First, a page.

by Elizabeth Dilts
A new study released by the citizens group Bloomington Transportation Options for People (BTOP) shows that the city’s three downtown parking garages are vastly underused.
According to the study, when the parking garages were at their peak fullness, there were still 591 empty spaces.
“It shows that the parking garages are not well utilized,” said BTOP Director Laurence Brown.
The study finds fault with the city’s parking policies at a time when the Kruzan administration is proposing new regulations for downtown businesses and considering a new $4.7 million, taxpayer-subsidized parking garage for Finelight Communications and Strategic Marketing.
“We do not need another parking garage,” said Brown. “And we don’t need parking requirements downtown, either.”
Taxpayers lose hundreds of thousands of dollars a year on these facilities, he said.
“The city is subsidizing those parking garages to the tune of probably over half a million dollars a year,” he said, “and they’re half empty.”
City officials, to whom BTOP provided its data, would not comment on the study.
Assistant Director for Economic Development Danise Alano said she had only seen portions of it. Public Works Director Susie Johnson said she had not yet seen it. Deputy Mayor James McNamara could not be reached.
The study was conducted from Tuesday, Sept. 26 through Monday, Oct. 2. Four recorders walked through each garage and marked the spaces filled in leased parking spaces, permitted parking spaces and metered spaces at 5 a.m., 10 a.m., 2 p.m. and 9 p.m.
The Fourth and Walnut garage was the only one that ever approached three-quarters full – 71.6 percent at 10 a.m. on Friday morning.
The city leases parking spaces for either 24 hours per day, seven days per week for $675 for a year, or for 12 hours per day, five days per week for $550 a year.
“If you talk to the city, they would say all of these spaces are leased,” said Brown. “What is true is that the way the city is managing the parking garages needs to be re-evaluated.”
The study says, on average, the 24/7 and 12/5 leased parking spaces in the Seventh and Morton garage were, at their peak, less than two-thirds and half full respectively.
Neither the 24/7 nor the 12/5 leased spaces in the Walnut Street garage were utilized more than half the time.
“A reserved space is just unnecessary,” said Brown. “Virtually what you get as a result of reserving space is about half of the spaces are empty.”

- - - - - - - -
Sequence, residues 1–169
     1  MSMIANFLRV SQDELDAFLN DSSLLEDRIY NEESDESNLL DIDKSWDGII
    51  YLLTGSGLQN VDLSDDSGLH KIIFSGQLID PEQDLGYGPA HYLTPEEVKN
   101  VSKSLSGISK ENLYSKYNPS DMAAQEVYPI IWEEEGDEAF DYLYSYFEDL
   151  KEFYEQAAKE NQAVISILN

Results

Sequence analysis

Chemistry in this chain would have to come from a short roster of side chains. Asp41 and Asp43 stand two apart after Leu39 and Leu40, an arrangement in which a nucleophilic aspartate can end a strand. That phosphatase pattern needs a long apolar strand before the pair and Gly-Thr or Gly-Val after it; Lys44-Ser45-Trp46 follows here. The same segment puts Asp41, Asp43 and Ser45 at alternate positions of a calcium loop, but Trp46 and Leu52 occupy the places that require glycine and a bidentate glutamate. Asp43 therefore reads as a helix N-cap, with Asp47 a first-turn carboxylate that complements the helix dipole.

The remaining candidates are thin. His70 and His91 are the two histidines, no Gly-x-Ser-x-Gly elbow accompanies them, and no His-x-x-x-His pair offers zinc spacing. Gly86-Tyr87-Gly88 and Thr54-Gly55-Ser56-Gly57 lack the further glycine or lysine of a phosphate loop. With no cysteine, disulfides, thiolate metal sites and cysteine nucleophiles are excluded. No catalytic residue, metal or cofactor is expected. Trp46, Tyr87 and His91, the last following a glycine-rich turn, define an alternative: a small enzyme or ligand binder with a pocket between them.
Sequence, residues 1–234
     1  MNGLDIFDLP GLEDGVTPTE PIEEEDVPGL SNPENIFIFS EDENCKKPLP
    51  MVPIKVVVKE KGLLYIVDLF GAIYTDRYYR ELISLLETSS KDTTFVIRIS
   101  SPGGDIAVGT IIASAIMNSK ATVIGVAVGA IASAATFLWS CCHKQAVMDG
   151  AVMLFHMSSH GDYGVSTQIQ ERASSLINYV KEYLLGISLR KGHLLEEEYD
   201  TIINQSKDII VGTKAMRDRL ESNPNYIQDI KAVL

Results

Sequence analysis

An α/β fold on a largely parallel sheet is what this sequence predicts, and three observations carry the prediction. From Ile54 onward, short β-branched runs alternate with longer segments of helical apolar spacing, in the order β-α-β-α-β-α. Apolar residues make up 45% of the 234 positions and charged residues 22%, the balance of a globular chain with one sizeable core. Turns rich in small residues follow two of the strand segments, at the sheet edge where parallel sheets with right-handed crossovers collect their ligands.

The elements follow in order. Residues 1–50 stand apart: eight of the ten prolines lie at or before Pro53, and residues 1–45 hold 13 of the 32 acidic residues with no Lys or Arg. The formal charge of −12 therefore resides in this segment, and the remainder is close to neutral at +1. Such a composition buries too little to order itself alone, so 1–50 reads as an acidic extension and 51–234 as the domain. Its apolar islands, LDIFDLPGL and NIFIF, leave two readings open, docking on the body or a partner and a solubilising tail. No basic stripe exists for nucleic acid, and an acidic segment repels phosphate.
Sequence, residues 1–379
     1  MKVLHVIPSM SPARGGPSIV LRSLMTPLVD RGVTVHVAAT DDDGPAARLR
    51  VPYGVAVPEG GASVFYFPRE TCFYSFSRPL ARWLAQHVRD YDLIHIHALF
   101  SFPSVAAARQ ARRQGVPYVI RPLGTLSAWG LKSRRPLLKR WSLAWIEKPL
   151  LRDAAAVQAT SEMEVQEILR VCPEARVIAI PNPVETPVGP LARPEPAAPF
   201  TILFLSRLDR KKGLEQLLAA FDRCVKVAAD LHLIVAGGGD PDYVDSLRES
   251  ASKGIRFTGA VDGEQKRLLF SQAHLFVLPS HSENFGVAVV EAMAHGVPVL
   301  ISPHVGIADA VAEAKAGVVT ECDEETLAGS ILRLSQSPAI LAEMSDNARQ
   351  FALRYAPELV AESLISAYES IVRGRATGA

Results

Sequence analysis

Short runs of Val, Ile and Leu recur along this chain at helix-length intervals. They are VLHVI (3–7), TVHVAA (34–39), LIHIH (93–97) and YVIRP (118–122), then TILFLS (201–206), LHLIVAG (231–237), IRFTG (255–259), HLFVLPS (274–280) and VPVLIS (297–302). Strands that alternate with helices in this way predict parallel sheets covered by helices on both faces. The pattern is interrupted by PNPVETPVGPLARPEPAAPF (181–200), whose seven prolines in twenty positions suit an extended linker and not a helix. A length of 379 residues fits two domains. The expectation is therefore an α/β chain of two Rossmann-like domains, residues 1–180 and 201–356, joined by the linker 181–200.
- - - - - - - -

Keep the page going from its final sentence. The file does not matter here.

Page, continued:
The garage with the highest usage for leased, permitted and metered spaces was the Fourth and Walnut Garage.
Leased spaces there were over half full every weekday. The permitted spaces were near three-quarters full two days out of the week, and the metered spaces were over half full most of the time.
“In the Fourth Street parking garage, there are areas where the city does things right,” according to Brown. “That means they sell a permit, and they let you park in any number of permitted spots, and that’s an efficient way to do it because they sell more permits than they have spaces, kind of like IU does.”
There are 173 permitted spaces in the Fourth Street garage and 207 permits were sold by the city.
“Even that section only gets up to 75 percent full, and there are still almost 50 empty spaces even at the peak hour,” said Brown.
BTOP’s Eve Corrigan cites studies by UCLA professor Donald Shoup recommending market-based street parking rates. This idea brings metered parking into the 21st century with meters that allow unlimited parking for a fee that can be pre-paid or charged to a credit card.
Corrigan also disagrees with more property developed into parking.
“There are a lot of things we can do to make things better,” she said. “We’ve got more than enough, and we just need to manage not only the way our parking garages are set up but also our street parking.”
Brown hopes to see change.
“As a result of having empty spaces, you have to build more spaces,” Brown said. “They don’t realize that they’re hurting themselves.”
Elizabeth Dilts can be reached at .